“To call it an amnesty program is very misleading. We’ve termed it a ‘shamnesty,’” said Gwen Hinze, a staff attorney for the foundation, which is supported by about 10,000 dues-paying members, most of them individuals. Many of the group’s members are people concerned with consumer rights on the Internet, she said.
The amnesty program does not protect song swappers from lawsuits by music labels not represented by the RIAA, or by music publishers or musicians who own the copyrights to their songs, Ms. Hinze said.
The RIAA represents the industry’s largest labels.
Other defense lawyers argued that people who agree not to use file-sharing services could be surrendering future rights if Congress or the courts declare such use to be legal.
“The amnesty program gives very limited protection. I’m sure many lawyers would advise their clients not to take it,” she said.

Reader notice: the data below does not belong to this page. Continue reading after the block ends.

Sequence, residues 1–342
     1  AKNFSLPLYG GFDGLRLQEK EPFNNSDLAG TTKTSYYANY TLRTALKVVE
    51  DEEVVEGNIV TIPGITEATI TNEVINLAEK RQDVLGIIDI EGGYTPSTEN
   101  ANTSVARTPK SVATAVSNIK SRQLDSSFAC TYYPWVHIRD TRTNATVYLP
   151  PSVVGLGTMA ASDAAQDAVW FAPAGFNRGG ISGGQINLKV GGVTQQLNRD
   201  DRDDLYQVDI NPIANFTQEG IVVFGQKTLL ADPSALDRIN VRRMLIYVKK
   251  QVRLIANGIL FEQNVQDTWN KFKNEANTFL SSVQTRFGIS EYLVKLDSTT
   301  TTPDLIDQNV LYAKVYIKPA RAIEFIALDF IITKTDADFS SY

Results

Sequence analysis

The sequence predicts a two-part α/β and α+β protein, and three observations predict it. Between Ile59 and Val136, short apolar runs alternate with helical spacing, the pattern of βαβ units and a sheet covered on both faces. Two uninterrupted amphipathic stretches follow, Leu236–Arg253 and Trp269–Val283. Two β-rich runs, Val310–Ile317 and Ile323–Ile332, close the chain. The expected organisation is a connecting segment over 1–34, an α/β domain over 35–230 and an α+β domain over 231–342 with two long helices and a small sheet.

The RIAA also said it has negotiated $3,000 settlements with fewer than 10 Internet users who learned they might be sued after the association sent copyright subpoenas to their Internet providers. Mr. Sherman predicted more settlements, but the price to settle for anyone named in a lawsuit will be higher.
The announcement yesterday marked the first time that the RIAA has targeted hundreds of individuals with lawsuits. In the summer, the association sued four college students — including a sophomore forced to hand over his life savings — for file-sharing.
The RIAA eventually settled with the students. Two of them went public and received sympathetic news coverage. One raised his $12,500 fine through online donations.
The first wave of lawsuits was timed to the return to college of students to ensure that the suits would be discussed widely on campus.
Mr. Sherman predicted “subsequent waves of litigation,” numbers largely determined by “how many lawsuits we can manage at any one time.” He said money earned from civil penalties or settlements would go toward paying for the association’s antipiracy campaign.
This article is based in part on wire service reports.